The Fight to Save Chicago’s St. James Parish

St. James Church on Chicago's South Side.
St. James Church on Chicago's South Side.

By Mary Pat Kelly, Contributor
April / May 2013

Parishioners and friends of historic St. James Parish, founded in 1855 on Chicago’s South Side by Irish immigrants who’d escaped the Great Starvation, spent Easter in a prayer vigil in front of their padlocked church, imploring the Archdiocese (and the Pope, via his Twitter @Pontifex) to stop the wrecking ball, due in only a few days, from destroying their unique church and killing off their parish.

Famed Tipperary-born architect Patrick Keely, who also designed St. Brigid’s, recently saved from destruction in New York, designed this Gothic masterpiece. It was built in 1880 by the congregation as a monument to their survival; an expression of gratitude for hard-won prosperity.

When St. James became the first racially integrated Catholic parish in Chicago, that spirit to achieve and give back found new expression. Today, this vibrant, diverse parish operates a food pantry that serves more than 1,500 families per month. Loss of their church most likely means the end of this parish and of a heritage that includes priests who ministered to both Union soldiers and Confederate prisoners during the Civil War, and the first African American pastor in Chicago.

Preservation Chicago named St. James Church the number one endangered building in the city, the one that must be preserved. The  congregation is willing to undertake needed repairs and has received substantial offers of help, including a proposal from a prominent Chicago firm to restore the church for $5,250,000 million, a much lower figure than the archdiocese’s quoted $12 million for the work, which outside experts consider inflated.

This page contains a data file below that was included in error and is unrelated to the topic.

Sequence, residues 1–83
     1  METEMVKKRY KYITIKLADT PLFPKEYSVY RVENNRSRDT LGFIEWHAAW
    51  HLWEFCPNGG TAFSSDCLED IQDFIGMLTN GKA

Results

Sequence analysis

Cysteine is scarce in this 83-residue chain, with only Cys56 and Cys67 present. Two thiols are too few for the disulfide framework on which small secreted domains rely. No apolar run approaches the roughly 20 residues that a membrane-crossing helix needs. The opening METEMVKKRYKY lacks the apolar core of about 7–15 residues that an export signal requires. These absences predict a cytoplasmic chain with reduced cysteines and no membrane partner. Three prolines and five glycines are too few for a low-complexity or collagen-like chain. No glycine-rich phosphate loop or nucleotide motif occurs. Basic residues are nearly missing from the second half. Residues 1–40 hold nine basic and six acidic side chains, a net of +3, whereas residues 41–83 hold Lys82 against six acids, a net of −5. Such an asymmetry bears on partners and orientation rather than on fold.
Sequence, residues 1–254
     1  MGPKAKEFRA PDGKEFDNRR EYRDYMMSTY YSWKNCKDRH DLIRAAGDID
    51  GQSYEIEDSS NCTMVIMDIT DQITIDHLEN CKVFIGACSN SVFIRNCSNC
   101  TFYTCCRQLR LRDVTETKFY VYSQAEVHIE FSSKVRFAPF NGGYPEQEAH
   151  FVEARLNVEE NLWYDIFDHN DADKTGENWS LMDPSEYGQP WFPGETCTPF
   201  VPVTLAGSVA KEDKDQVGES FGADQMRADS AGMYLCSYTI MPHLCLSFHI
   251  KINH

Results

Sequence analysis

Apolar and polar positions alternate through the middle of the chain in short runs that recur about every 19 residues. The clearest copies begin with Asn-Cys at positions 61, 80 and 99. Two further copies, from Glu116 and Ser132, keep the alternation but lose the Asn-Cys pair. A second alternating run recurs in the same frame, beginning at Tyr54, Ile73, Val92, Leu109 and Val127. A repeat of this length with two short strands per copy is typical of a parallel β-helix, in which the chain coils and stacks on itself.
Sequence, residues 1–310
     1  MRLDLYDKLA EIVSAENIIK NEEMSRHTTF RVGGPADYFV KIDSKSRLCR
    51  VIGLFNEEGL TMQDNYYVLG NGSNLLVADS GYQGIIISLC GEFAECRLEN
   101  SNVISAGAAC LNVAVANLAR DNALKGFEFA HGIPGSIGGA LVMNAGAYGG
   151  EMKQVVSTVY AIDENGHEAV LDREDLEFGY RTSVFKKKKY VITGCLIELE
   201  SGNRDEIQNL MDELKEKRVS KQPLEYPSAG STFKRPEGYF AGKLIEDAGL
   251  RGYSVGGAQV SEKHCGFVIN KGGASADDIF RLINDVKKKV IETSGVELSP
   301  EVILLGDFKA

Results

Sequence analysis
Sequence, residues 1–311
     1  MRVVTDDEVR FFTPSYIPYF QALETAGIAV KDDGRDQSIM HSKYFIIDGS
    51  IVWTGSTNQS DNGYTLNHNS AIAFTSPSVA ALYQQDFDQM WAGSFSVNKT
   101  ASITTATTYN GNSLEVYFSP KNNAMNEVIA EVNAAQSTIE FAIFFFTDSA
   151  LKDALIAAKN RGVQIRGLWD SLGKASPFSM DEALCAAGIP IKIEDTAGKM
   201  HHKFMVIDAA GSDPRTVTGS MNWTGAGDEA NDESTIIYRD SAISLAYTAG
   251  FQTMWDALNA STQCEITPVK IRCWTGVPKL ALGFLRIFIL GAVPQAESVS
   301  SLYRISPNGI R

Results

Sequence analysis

The Cardinal wants the congregation to raise money to build a new church a block away on new land, part of which is not even for sale. The cost of building would be higher than than of restoring the present church, so parish would have to try to pay for a new church it doesn’t even want, a daunting task. Most members of this modest parish, which uses it’s resources to feed the poor, think  a new church will never be built and the parish will disappear. The wrecking ball is still scheduled to destroy the church within the month.

St. James Church carries the prayers and stories of generations of the Irish and African American faithful. The Pope is calling for a more open church that  serves the poor. Does he means what he says? Tweet him(@pontifex) and ask him to save St. James.

Check out friendsofstjamesonwabash.com and consider signing up to express pride in our heritage in this very concrete way.

3 Responses to “The Fight to Save Chicago’s St. James Parish”

  1. Ann Hileman says:

    Hi Mary Pat, Barb has told me so much about St. James, but this article is the first I have read that includes the real facts, struggles and the politics done in a very professional way. St. James represents history and beauty and the vibrant nature of what a true parish should be. Thanks for writing the article, Ann

  2. Dan says:

    Mary Pat – thanks for the article. We, the people, are the church and we shall overcome this disappointing gesture by archdiocese across the USA!

    God Bless You!
    Dan Anderson

  3. Sean Curtain says:

    The above article reminds me of St. Patrick’s Church In St. Louis, MO, where I attended mass on the Sunday before St Patrick’s Day, 1954. During the sermon, the priest said that this was a missionary parish and needed financial help from outside in order to survive. The reason I happened to be in St. Louis was because the bus that was taking me from San. Francisco (where I got my honorable discharge from USMC ) to NYC stopped for 4 hours in St. Louis. I now wonder if St. Patrick’s Church in St. Louis exists.

Leave a Reply




Share



More Articles

Weekly Comment: The Carrowkeel Cairns

The celebration of summer solstice on June 21, when the sun rises before 5 a.m. in the northern hemisphere, marks a...

More

Weekly Comment:
New York’s Monument to John Wolfe Ambrose is Restored

Stolen 30 years ago, New York City’s monument to the Irishman who enabled the Port of New York and New Jersey to...

More

Mary Kay Henry:
A New Deal for America’s Working Poor

Mary Kay Henry, the international president of the two-million-member Service Employees International Union talks to...

More

New Viking Finds at Site of Dublin Hotel

Archaeologists have discovered a significant number of Viking-era artifacts and architectural remains during the...

More